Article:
Hmmmm....it seems that Ms. Kopp and Mike Bloomberg have something it common: good (effective) teaching does not require any experience. Cold turkey is best.
3:48 pm March 11, 2011, by Maureen Downey
Wendy Kopp, who, as a Princeton student founded Teach for America as her senior thesis, agreed to be interviewed by her 8-year-old son for a school project on what led her to invent an elite teaching corps.
Benjamin’s final question to his mother is one that people still ask Kopp: “If this is such a big problem — kids not having a chance to have a good education — why would you ask people with no experience right of out of college to solve it?”
Kopp’s answer today, 21 years after she launched Teach for America, is that the program works, that it benefits both the idealistic college graduates who enter the classroom and the struggling students they serve.
She told Benjamin that while there’s value in experience, there is “a power in inexperience — that it make a huge difference to channel the energy of young people, before they know what’s impossible and when they still have endless energy, against a problem that many have long since given up on.”
Last year, 46,000 college graduates, including 20 percent of the seniors at Atlanta’s Spelman College, sought Teach for America posts. There are more than 20,000 alumni of Teach for America, including the founders of the KIPP charter schools, Mike Feinberg and Dave Levin; former Washington, D.C., Chancellor Michelle Rhee; Atlanta school board member Courtney English; and new Tennessee Education Commissioner Kevin Huffman.
Transferring the Peace Corps model to America’s most challenging classrooms, Kopp dispatches Ivy League whiz kids to communities and cultures as foreign to them as Morocco and Tonga are to Peace Corps volunteers. They have training and ongoing support, but it is a baptism by fire that singes a few and sparks 60 percent to remain in education.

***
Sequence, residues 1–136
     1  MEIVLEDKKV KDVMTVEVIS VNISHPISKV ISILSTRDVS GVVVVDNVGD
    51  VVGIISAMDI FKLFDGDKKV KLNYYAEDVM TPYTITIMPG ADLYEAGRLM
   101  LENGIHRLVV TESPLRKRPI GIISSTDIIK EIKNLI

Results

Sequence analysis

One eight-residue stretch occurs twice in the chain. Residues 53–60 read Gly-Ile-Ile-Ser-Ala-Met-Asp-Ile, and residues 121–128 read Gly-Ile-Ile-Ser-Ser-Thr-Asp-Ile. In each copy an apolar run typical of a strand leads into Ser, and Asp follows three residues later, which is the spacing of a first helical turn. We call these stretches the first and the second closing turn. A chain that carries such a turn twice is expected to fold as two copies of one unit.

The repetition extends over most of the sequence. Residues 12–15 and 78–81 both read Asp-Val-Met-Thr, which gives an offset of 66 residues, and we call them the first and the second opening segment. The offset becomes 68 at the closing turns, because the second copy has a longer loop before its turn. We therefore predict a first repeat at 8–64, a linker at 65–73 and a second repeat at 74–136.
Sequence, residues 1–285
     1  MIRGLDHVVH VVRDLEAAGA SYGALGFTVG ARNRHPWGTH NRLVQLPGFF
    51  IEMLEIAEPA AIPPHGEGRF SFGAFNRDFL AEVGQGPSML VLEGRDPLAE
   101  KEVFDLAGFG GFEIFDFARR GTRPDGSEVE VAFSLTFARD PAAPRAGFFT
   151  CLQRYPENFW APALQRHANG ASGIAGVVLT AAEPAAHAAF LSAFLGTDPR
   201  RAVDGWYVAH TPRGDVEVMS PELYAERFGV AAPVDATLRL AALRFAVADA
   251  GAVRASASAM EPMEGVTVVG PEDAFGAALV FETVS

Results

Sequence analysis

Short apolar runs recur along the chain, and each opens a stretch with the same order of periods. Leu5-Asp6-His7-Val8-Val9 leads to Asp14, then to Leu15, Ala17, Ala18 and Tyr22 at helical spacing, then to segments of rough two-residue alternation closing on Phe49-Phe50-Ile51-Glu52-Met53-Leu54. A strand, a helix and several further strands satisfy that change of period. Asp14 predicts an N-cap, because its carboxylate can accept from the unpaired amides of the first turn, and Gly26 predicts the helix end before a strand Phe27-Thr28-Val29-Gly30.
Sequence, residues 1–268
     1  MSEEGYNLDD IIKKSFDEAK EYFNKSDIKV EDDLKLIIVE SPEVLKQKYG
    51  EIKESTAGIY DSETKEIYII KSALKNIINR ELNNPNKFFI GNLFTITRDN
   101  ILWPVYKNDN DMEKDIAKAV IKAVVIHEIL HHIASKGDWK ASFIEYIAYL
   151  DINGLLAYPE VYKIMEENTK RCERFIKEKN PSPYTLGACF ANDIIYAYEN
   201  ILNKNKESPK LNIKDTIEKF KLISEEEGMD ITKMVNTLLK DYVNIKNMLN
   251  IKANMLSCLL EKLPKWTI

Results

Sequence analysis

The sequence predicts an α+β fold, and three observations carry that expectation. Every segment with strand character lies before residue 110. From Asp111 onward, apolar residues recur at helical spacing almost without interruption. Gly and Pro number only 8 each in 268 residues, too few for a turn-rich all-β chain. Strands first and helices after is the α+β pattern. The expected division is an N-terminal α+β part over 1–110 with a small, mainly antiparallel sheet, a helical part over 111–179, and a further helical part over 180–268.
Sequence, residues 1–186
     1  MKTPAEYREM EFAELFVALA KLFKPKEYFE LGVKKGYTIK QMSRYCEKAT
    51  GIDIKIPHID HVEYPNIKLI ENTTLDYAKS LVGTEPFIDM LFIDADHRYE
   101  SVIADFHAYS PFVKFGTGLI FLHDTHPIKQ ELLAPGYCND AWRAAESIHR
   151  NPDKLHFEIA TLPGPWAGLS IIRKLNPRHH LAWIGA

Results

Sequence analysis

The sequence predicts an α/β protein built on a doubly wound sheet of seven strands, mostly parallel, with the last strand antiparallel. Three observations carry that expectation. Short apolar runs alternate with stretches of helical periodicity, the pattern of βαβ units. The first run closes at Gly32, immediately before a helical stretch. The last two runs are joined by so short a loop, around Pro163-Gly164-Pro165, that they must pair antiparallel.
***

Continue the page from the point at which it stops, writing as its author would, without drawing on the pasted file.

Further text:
In Atlanta this week to talk about her new book, “A Chance to Make History,” the 44-year-old Kopp, a married mother of three, drew from her Teach for America lessons to discuss what needs to be done in education today.
First, she says, it can no longer be argued that socio-economics determine a child’s education course for life. “We have hundreds of schools that are putting kids whose socio-economic background would predict one end, on a track to literally graduate from college. There is nothing elusive about it. We can replicate it.”
If it can be done, why hasn’t it?
“I do think we need to ask ourselves why we haven’t we moved the needle in an aggregate sense,” she says. “We lurch after one silver bullet idea after another. You realize that it is no one thing. It is not small schools, voucher laws and charter laws. ”
Instead, Kopp says it is teachers like Teach for America member Maurice Thomas, who tells his Atlanta students at the School for Technology, Engineering, Math and Science at Therrell, “All of you are going to go to college,” and then makes it his mission to see it happen. He offers tutoring during lunch hour and after school and runs a Saturday school.
Kopp’s book pays homage to Thomas and other teachers like him, but admits that systematic education reform can’t hinge on heroic teachers willing to work 15-hour days .
“There are only so many Maurices out there,” she says.
Kopp says the solution is creating school-wide cultures where all teachers share Thomas’ mission, if not his relentless schedule. And the keys to such school cultures are principals who, as teacher themselves, succeeded in raising achievement in low-income students.
“We have 3.7 million teachers. The notion that we can do this by just changing teachers is not realistic,” she says. “We have to develop a leadership pipeline of extraordinary leaders…they have to had taught successfully in this context because once you have done that, no one can ever shake your conviction that these kids have potential.”
Traditional public schools can learn from charter school companies, says Kopp. “These charter school organizations view finding extraordinary leaders as their only task. It has to be the core of the work.”
Along with silver bullets, America embraces “silver blame,” says Kopp. In the past, school failures were pinned on unmotivated students and uncaring parents. Now, teachers are the villain du jour.
“We are blaming the group whose engagement we most need,” says Kopp. “If I were a teacher right now, I would be infuriated by the public discussion. Most teachers come into this because they want to do good things for kids. It doesn’t seem to make sense to spend a lot of energy blaming them.”
In her book, Kopp tells of the creed that Thomas adopted when he decided that everyone is his class, even those reading at a sixth-grade level, would go to college.
“This is not kindergarten and we don’t have 12 years to fix this,” Thomas said. “I’ve got 12 months to get this done if they are going to college. Twelve months. We have to get to work.”
They did. And all his students went on to college.
–From Maureen Downey, for the AJC Get Schooled blog.